In radiography, when a blurred image caused by patient motion was acquired, radiologists retake an image as needed. However, retaking an image leads to extra radiation exposure to patients and reducing work efficiency. This study proposes the deblurring algorithm for blurred images caused by patient motion in radiography. In the proposed algorithm, we first take a video using an optical device during radiography. Second, we calculate the optical flow between each frame, and estimate a point spread function (PSF) based on the optical flows. Finally, we restore the blurred image by deconvolution processing. In this study, blurred images with the blur width from 1.0 mm to 5.0 mm at 0.5 mm intervals were obtained by using own moving body phantom, and applied proposed algorithm for each blurred image. To evaluate the algorithm, we measured blur area and structural similarity (SSIM) of the blurred images and deblurred images, and compared the values. As a result, a significant decrease in blur area and a significant increase in SSIM were confirmed in each blur condition. These results suggest the usefulness of the proposed algorithm.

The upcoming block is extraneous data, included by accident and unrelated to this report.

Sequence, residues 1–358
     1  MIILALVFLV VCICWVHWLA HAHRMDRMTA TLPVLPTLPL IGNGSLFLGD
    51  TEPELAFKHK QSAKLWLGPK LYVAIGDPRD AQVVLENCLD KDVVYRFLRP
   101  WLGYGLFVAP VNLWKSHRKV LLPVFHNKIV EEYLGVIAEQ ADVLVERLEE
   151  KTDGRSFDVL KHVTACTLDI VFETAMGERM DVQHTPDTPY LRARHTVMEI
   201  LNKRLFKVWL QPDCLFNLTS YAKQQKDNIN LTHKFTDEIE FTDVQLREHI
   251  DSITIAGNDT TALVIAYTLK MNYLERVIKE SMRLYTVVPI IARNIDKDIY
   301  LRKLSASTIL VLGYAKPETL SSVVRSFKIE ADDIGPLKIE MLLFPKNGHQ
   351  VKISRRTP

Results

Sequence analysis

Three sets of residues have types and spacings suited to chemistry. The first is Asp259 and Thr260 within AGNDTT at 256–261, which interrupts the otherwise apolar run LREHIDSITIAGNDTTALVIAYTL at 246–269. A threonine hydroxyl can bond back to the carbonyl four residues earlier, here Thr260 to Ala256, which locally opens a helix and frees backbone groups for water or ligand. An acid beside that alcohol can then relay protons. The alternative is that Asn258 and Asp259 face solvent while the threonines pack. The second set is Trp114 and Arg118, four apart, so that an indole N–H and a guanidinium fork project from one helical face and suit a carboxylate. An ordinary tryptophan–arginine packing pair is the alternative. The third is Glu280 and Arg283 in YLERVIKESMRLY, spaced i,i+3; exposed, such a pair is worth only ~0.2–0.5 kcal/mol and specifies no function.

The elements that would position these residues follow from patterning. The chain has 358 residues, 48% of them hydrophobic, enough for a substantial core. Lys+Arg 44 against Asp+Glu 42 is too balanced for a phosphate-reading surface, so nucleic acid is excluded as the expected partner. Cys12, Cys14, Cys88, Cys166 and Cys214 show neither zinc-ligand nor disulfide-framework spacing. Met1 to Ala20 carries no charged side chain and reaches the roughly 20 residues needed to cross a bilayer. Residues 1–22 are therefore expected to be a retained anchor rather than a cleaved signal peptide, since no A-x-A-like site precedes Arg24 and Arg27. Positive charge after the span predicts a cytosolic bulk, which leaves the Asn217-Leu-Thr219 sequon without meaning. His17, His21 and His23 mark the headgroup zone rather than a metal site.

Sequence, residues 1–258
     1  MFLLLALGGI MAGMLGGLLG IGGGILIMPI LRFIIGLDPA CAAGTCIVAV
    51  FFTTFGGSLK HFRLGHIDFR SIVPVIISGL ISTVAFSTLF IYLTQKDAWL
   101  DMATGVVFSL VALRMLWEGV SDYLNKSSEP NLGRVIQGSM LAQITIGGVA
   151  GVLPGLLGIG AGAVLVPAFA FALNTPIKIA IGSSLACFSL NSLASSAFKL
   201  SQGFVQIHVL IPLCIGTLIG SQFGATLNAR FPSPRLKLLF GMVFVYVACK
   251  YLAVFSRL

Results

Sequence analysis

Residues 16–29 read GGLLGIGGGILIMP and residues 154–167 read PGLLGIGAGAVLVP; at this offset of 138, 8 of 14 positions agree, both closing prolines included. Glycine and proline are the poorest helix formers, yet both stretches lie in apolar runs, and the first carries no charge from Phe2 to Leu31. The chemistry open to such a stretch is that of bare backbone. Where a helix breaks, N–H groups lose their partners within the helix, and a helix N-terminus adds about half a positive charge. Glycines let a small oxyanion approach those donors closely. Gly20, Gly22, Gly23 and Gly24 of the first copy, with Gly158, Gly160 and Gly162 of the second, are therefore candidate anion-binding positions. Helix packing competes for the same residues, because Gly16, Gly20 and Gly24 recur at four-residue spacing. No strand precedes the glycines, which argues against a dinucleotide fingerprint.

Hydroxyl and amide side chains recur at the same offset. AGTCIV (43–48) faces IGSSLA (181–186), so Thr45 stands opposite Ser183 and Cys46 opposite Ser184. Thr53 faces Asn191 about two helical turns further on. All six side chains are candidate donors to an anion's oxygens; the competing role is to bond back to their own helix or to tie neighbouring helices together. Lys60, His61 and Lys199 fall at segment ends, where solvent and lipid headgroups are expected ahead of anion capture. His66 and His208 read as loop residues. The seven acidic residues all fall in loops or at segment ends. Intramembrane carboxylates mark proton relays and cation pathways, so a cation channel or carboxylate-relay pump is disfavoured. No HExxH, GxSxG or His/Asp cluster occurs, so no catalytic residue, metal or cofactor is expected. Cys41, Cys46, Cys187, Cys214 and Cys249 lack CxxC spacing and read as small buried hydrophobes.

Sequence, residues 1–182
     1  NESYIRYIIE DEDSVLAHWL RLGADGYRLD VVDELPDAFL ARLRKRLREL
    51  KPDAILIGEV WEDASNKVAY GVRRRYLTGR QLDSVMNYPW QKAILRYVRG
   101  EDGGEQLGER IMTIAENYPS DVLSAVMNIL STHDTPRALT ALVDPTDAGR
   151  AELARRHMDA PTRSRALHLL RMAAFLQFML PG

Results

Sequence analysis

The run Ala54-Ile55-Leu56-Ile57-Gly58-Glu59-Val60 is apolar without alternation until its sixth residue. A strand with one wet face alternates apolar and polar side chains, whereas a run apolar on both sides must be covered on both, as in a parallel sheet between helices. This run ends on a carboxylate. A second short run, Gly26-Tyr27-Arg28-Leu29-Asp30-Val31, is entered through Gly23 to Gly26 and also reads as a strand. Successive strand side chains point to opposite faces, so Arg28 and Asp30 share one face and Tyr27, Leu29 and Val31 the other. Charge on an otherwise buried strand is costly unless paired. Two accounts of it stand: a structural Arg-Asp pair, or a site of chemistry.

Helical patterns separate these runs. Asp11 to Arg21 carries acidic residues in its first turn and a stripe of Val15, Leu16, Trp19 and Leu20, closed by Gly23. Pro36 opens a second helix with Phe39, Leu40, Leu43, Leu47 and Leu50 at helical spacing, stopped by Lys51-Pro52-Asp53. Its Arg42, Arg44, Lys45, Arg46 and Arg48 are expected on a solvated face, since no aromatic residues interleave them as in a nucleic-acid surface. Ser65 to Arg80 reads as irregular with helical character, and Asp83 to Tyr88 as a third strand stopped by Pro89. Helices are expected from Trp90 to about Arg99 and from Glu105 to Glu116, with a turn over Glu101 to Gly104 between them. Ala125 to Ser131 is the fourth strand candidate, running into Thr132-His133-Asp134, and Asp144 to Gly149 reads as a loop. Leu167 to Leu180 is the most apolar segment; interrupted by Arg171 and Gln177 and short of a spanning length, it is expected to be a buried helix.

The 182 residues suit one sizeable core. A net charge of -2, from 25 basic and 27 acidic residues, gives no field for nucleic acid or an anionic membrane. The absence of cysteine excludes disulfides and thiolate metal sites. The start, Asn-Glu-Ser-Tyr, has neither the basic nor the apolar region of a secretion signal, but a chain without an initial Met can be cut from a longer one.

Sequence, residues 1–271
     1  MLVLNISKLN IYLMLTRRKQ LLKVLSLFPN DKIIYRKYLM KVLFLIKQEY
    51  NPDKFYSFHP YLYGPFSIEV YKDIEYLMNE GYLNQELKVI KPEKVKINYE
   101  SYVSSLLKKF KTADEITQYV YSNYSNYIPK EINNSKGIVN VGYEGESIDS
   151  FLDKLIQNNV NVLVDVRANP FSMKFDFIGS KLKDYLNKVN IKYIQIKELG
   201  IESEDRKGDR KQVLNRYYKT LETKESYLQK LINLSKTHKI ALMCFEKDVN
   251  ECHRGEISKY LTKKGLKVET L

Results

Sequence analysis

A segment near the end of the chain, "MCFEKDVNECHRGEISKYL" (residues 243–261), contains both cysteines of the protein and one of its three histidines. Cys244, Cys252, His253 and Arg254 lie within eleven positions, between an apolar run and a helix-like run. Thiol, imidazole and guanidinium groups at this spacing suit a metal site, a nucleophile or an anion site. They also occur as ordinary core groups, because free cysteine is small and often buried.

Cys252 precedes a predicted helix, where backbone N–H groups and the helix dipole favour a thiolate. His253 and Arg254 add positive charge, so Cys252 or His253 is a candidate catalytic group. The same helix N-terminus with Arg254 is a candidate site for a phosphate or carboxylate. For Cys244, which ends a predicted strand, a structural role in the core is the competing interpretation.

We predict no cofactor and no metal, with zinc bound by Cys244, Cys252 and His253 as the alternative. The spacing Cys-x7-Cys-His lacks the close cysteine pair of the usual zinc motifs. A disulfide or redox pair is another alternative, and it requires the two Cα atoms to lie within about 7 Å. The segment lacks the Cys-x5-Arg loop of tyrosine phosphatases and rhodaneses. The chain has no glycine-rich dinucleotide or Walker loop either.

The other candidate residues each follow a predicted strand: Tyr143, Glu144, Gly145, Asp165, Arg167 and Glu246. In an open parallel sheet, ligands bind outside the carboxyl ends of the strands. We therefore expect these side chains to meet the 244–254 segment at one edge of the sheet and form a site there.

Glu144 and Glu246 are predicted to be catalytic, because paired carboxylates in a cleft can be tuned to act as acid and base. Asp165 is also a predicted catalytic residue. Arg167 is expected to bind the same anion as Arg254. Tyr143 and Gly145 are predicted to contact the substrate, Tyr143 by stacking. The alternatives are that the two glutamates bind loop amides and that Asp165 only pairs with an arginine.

The aim of this study is to analyze the maldistribution and the trends in the geographic distribution of radiological resources in secondary medical areas of Hokkaido. The distribution was measured by combining the Gini coefficient (GC), which is an indicator of inequality of distribution, and the Herfindahl-Hirschman index (HHI), which is mainly used to assess market concentration. Data concerning the distribution of radiological resources, such as CT, MRI, radiotherapy facilities (RTF), radiological technologists (RT), and medical doctors were obtained from official publications. CT was more equally distributed, and RTF was more inequality than other radiological resources in 2014. Radiological resources excluded CT were higher degree of concentration than population distribution, and it showed that they were located relatively more intensively in urban areas than in rural areas. During the period 1999–2014, the GC for CT, MRI, RTF, and RT decreased, while the HHI increased. These trends indicated increased equality of distribution of CT, MRI, RTF, and RT and the concentration in urban areas. This study suggested that GC and HHI could be powerful indicators for allocation planning of medical resources with further analysis of the maldistribution of medical resources.